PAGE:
Spine medicine services may be categorized into three main classes according to their nature:
Traditional surgical techniques may be used for the entire spine, equally for the spinal surgical treatment of degenerative (problems caused by wear-out), traumatic (injuries caused by an accident) and inflammatory lesions.
Each branch of surgery seeks to provide the as much help as possible, with the least “harm” possible. The ever more common so-called minimally invasive (percutaneous, that is performed through the skin) techniques are significant because the risk associated with their use is the least possible on the surgical palette.
Percutaneous methodology may also serve as a diagnostic tool in addition to therapeutic application, therefore minimally invasive diagnostic methods are often used these days in addition to traditional imaging diagnostic scans. The essence of myelography (“spine dyeing”) and discography is to gain valuable supplementary information by injecting organic iodine into the body in cases when traditional diagnostic tools can’t be used and when it is necessary to localize the source of pain or to determine the degree of degeneration.
Depending on complex diagnostic results and physical examinations, specialists make a decision on the application of conservative therapy or surgical intervention. Open surgical techniques are used in case of advanced degeneration, such as severe intervertebral disc injury, while in the initial phases of degeneration, that is, relatively intact structure, the application of various percutaneous techniques may be considered.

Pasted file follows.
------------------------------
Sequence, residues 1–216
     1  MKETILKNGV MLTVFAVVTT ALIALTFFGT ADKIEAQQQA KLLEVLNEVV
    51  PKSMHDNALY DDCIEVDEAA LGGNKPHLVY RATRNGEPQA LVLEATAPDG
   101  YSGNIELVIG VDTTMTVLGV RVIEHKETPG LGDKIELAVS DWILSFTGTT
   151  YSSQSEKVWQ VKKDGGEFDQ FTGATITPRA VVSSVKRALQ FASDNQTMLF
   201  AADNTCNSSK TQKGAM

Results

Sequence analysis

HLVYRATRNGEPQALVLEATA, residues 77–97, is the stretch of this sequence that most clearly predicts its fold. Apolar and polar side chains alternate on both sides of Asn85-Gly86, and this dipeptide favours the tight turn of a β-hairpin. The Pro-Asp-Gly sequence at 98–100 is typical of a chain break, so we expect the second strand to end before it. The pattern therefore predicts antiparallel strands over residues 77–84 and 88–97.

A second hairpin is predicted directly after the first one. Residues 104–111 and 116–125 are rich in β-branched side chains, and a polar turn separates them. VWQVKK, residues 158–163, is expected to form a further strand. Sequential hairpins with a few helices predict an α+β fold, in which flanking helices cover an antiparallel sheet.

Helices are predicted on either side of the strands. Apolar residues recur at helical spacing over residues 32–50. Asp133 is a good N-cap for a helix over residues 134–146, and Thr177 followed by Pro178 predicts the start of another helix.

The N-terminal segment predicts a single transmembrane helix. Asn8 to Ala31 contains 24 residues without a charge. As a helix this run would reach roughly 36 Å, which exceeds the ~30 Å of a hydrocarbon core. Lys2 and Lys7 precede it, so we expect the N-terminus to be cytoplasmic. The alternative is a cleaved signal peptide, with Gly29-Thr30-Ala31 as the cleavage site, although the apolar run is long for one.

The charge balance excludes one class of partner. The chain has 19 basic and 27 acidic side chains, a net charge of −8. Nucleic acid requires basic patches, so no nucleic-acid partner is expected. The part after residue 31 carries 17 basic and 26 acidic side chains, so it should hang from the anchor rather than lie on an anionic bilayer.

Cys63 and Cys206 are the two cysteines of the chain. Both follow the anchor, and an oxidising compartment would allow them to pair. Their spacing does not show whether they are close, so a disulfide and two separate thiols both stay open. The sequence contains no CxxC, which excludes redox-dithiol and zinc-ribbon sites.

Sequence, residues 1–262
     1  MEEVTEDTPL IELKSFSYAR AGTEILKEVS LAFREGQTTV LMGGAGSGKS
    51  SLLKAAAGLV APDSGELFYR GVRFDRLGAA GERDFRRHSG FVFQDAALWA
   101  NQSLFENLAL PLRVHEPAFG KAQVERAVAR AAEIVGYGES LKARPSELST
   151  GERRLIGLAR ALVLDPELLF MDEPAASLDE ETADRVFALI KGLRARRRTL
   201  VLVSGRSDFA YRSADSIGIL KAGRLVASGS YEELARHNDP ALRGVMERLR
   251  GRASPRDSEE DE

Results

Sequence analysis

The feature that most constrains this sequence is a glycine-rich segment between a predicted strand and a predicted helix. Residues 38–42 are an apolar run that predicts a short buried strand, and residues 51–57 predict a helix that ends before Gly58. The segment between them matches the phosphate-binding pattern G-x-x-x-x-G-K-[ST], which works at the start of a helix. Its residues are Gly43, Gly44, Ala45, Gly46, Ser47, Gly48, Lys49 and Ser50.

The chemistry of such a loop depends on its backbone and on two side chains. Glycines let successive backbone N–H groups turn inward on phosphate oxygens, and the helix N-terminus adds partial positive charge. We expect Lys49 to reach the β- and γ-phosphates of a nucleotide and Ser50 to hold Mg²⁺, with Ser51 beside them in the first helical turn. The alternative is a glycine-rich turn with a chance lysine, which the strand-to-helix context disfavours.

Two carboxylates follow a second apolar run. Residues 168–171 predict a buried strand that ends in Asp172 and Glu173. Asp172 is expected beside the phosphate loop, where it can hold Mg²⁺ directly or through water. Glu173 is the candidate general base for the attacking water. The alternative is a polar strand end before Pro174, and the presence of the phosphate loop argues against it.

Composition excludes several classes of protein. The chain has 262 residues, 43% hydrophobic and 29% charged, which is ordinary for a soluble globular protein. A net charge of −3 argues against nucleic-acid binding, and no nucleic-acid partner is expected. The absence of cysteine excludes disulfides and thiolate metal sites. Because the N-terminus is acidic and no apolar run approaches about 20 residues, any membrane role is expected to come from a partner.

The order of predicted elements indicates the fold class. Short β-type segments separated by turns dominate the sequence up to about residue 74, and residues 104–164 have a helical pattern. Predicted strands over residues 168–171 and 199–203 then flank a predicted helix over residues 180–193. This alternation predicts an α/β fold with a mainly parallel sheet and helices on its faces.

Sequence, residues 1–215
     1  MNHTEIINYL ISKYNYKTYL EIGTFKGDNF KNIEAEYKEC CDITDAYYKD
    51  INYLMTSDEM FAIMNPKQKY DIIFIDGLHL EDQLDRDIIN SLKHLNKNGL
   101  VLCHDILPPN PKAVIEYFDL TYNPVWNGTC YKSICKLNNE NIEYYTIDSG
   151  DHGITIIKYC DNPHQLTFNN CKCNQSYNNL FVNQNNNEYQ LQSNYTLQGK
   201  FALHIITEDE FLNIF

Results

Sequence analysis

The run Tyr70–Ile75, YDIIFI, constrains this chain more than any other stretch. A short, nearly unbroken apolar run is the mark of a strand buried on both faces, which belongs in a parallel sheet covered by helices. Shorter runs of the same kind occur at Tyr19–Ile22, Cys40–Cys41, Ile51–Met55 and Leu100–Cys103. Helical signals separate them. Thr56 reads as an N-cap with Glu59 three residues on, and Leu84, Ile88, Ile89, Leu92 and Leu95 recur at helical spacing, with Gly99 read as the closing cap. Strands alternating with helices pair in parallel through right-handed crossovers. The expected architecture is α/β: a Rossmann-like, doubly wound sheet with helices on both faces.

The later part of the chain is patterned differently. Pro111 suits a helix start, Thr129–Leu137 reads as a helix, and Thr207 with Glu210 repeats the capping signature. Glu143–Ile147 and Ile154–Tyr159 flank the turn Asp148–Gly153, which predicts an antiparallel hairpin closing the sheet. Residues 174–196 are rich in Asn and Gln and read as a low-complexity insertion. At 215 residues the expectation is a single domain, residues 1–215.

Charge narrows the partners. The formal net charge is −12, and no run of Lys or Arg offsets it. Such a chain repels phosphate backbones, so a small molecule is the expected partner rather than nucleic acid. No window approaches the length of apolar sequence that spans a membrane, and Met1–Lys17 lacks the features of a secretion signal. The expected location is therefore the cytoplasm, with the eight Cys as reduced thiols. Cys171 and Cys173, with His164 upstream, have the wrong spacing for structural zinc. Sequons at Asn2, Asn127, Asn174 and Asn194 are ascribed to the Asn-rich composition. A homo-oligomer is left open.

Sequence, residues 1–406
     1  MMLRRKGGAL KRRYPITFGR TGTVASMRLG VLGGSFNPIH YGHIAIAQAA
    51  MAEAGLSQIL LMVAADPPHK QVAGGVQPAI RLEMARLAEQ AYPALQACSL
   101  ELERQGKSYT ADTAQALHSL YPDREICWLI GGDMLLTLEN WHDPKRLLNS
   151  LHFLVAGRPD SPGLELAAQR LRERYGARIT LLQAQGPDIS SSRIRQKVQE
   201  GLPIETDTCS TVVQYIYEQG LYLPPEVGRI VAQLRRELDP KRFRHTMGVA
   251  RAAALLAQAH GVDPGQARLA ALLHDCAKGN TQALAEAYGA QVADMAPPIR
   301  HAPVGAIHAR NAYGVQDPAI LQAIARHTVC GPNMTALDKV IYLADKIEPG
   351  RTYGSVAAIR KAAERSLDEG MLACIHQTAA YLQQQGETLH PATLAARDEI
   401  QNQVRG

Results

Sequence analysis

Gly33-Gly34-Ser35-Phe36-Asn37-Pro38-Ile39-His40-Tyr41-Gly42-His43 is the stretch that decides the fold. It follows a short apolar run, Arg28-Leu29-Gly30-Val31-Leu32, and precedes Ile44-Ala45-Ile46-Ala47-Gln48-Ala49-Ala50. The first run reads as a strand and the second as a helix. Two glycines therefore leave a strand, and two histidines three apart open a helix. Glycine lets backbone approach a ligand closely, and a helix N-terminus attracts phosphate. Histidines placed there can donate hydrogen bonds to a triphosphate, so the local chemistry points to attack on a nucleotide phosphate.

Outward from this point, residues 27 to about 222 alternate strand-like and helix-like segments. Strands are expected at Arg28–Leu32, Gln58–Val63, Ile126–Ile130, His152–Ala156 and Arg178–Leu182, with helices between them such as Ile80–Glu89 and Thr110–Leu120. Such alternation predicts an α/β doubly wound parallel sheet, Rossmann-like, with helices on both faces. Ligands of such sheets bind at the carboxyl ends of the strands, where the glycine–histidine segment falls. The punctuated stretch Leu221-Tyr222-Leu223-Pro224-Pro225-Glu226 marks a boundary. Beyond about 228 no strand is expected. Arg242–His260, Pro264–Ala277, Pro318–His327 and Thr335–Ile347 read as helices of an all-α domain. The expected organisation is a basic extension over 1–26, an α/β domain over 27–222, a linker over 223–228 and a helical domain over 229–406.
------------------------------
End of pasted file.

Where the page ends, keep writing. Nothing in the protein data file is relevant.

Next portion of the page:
There are several areas of the spine (nerve root block, small joint block, epidural block or sacral epidural adhesiolysis, (SEA)) where therapy and diagnostics may be performed in one session. In such a case, local anti-inflammatory injections contain local anesthetics and anti-inflammatory steroids.
The gist of percutaneous surgical procedures (traditional and laser disc decompression) is that penetration is performed through a very small incision, and target location as well as surgical manipulation takes place within the body in a “closed” setting. In addition to the least possible destruction of intact tissues, this procedure does not need general anesthesia, instead it is performed with local anesthesia or maybe intravenous narcosis. As in case of minimally invasive surgical interventions, its further advantages include decreased duration of hospital stay, more rapid rehabilitation and earlier returning to normal activity.
Other special treatment methods:
The above surgical techniques are now supported by surgical navigation systems (Computer Assisted Surgery - CAS) which on the one hand allow increased accuracy during certain specific surgeries (such as tumor removal) and on the other hand, they help to decrease the use of mobile x-ray machines during surgery and therefore the amount of radiation burden of the patient during surgery can be decreased.